United States and Kashmir

                
Secretary of State, Hilary Clinton’s statement in Mumbai that “the feelings of people of Kashmir” should be taken in to account in any decisions taken between India and Pakistan, comes as a breath of fresh air for the region. As the highest official in the State Department and one with broad knowledge of the geopolitical situation of the region, the Secretary of State’s comments carry a significant importance. Her supportive statement has been received enthusiastically by all segments of the Kashmiri population and all shades of public opinion. Kashmiri expatriates including those of us who live in the United States, applaud her courageous stand and thank her for reaffirming the principled position the United States has taken ever since the beginning of the conflict in 1947.

Mrs. Clinton has essentially reemphasized and endorsed the US policy views expressed by Mr. William Burns, the US Under Secretary of State for South Asia in New Delhi on June 11, 2009 during his visit to India. In his press briefing Mr. Burns said: “it remains our view that resolution of the Kashmir issue has to take into account the wishes of the Kashmiri people.” These views are consistent with the longstanding US policy on Kashmir, even at the time when India was firmly in the Soviet Union’s camp and the Soviets used their veto against the right of self-determination of the Kashmiris at the UN Security Council. Nearly all US administrations have supported the right of the people of Kashmir to determine their own political future.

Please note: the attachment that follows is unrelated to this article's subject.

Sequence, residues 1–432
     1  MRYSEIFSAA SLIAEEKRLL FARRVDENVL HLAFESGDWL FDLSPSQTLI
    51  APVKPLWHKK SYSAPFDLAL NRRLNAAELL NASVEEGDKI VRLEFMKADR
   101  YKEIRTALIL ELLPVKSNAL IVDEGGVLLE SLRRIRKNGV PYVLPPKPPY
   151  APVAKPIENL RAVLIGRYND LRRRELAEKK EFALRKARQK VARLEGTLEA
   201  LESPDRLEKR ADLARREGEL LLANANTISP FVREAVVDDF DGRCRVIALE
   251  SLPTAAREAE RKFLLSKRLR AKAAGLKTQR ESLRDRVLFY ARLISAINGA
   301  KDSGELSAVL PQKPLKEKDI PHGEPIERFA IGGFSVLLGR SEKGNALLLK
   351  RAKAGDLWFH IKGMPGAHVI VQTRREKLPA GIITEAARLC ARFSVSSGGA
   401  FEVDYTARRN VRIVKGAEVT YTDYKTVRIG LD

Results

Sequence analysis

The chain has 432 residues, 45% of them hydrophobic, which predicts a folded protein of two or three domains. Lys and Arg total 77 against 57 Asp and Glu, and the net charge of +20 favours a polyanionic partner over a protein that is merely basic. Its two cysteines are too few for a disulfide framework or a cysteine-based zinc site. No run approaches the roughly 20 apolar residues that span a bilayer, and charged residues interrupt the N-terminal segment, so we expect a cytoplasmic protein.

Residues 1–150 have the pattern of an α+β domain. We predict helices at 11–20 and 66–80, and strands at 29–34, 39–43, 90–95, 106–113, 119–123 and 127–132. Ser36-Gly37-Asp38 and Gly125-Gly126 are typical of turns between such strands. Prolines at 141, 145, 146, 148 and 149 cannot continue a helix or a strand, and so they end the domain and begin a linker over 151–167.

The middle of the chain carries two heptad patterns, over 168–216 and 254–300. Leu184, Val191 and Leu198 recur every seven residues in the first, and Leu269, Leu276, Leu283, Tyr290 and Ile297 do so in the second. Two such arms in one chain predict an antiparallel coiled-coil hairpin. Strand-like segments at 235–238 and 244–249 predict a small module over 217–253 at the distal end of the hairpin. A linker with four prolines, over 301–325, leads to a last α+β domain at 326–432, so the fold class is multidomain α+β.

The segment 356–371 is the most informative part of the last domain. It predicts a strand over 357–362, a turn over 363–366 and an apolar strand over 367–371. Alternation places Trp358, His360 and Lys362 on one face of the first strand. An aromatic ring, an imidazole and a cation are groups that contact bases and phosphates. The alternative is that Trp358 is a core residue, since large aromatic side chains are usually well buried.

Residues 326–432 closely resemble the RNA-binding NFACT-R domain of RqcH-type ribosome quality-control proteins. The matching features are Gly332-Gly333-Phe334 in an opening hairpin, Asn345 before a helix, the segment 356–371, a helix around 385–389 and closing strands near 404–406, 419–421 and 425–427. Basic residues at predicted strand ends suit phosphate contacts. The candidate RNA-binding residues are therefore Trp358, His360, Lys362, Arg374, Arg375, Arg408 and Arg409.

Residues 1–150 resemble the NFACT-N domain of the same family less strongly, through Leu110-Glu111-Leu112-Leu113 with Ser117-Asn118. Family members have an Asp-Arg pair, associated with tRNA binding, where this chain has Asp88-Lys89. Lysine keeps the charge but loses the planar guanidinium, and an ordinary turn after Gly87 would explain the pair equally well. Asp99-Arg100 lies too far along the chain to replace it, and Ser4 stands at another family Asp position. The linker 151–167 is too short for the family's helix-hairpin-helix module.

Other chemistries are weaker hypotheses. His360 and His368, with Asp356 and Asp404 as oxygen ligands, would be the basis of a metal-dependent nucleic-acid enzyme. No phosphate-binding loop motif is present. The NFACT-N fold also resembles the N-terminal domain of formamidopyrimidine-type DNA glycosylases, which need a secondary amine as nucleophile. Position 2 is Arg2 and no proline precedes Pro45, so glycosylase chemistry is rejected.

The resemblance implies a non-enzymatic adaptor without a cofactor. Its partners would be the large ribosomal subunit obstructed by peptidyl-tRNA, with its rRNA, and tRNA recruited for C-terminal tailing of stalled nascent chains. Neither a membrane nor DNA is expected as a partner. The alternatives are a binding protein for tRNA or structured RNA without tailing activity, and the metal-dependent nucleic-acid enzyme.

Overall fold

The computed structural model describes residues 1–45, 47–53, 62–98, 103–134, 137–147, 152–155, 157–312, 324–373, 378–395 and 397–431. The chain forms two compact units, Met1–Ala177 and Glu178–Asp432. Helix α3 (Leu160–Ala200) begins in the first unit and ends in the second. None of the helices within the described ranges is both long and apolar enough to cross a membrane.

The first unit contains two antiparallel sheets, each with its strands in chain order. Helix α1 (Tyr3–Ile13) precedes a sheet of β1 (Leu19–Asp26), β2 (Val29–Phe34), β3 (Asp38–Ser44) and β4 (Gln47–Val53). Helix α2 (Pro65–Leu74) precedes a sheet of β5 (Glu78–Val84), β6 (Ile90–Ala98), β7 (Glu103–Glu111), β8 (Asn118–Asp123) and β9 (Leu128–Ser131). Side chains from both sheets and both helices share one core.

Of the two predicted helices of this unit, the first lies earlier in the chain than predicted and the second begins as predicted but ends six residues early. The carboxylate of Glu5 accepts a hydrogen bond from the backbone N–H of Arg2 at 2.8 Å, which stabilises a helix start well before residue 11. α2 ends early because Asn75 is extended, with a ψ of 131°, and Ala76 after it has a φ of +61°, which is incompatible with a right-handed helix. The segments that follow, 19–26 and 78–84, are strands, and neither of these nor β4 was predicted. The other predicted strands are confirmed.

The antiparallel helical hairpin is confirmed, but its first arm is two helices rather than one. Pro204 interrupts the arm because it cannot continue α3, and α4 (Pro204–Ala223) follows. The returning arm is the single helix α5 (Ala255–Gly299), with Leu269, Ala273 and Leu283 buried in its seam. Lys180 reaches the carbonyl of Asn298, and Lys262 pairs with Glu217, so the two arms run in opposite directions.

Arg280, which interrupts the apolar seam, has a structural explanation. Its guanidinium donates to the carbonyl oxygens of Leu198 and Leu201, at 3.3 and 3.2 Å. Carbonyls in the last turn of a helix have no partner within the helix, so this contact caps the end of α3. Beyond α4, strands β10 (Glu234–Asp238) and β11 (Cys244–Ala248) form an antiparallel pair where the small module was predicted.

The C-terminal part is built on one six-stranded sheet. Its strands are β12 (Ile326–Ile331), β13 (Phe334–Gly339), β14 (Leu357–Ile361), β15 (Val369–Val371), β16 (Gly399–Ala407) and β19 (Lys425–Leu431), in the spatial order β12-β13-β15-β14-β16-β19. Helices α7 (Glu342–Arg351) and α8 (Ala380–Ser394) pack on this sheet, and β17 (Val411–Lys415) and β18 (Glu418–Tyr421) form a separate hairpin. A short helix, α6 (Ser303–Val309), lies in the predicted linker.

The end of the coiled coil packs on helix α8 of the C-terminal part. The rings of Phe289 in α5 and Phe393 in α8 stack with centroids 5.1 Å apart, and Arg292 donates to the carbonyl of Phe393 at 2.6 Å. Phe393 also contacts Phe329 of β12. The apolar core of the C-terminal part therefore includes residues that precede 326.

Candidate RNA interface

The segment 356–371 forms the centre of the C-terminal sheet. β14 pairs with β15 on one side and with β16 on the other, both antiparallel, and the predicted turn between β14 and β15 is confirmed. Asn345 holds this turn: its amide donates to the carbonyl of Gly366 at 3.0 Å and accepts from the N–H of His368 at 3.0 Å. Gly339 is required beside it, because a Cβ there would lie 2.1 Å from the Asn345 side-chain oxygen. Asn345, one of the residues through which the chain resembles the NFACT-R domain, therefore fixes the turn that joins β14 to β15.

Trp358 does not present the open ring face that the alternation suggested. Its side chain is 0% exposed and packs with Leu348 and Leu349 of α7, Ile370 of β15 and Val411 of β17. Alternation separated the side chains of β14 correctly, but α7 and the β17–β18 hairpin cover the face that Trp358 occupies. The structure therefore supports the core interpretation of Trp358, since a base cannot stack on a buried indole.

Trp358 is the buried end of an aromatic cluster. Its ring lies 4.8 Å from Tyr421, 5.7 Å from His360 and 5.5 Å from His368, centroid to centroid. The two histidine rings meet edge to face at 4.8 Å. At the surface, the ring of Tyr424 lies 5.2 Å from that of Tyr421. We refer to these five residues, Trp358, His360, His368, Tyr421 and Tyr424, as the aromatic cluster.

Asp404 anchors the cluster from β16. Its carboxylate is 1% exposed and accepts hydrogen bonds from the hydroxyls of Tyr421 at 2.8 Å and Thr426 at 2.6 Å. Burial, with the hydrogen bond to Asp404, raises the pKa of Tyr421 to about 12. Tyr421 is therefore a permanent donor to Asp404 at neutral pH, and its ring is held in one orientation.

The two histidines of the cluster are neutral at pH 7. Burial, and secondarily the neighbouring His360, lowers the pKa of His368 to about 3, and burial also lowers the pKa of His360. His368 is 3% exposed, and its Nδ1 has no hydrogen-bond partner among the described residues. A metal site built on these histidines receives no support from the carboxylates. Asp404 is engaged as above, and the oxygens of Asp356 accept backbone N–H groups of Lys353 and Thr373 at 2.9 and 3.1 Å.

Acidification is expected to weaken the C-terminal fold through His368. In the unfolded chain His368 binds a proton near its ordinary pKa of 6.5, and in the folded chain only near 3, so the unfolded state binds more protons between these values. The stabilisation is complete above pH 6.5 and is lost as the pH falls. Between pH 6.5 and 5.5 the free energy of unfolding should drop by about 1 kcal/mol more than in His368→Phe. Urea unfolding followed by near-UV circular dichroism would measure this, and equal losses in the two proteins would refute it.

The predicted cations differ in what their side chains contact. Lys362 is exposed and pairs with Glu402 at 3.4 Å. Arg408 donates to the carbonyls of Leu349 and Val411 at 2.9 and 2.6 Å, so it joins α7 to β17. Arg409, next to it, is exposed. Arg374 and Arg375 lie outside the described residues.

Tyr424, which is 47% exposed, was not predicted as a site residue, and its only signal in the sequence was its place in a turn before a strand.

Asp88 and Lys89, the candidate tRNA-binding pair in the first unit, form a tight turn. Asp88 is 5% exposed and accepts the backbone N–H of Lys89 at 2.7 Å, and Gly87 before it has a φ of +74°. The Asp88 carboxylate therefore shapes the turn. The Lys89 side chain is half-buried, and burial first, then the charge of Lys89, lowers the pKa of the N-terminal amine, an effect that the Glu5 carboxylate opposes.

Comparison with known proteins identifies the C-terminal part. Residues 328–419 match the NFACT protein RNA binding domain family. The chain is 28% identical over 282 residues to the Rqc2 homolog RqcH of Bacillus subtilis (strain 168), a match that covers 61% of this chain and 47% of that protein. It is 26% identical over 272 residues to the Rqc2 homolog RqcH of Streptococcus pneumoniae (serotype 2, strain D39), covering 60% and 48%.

Rather than diluting the centrality of the Kashmir conflict, recent events have made it even more imperative to address the issue urgently and earnestly. Acquisition, by both India and Pakistan, of large stockpiles of nuclear weapons with multi-range delivery systems has drastically changed the dynamics of regional warfare. Both neighbors with over a billion and a half population have become dangerously vulnerable to a nuclear catastrophe, planned or unplanned. There is neither cushion of distance nor a kernel of confidence between the two untrusting neighbors who are staring at each other nose-to-nose. It is the worst kind of nuclear flash point with a potential for the worst human catastrophe ever faced by humankind.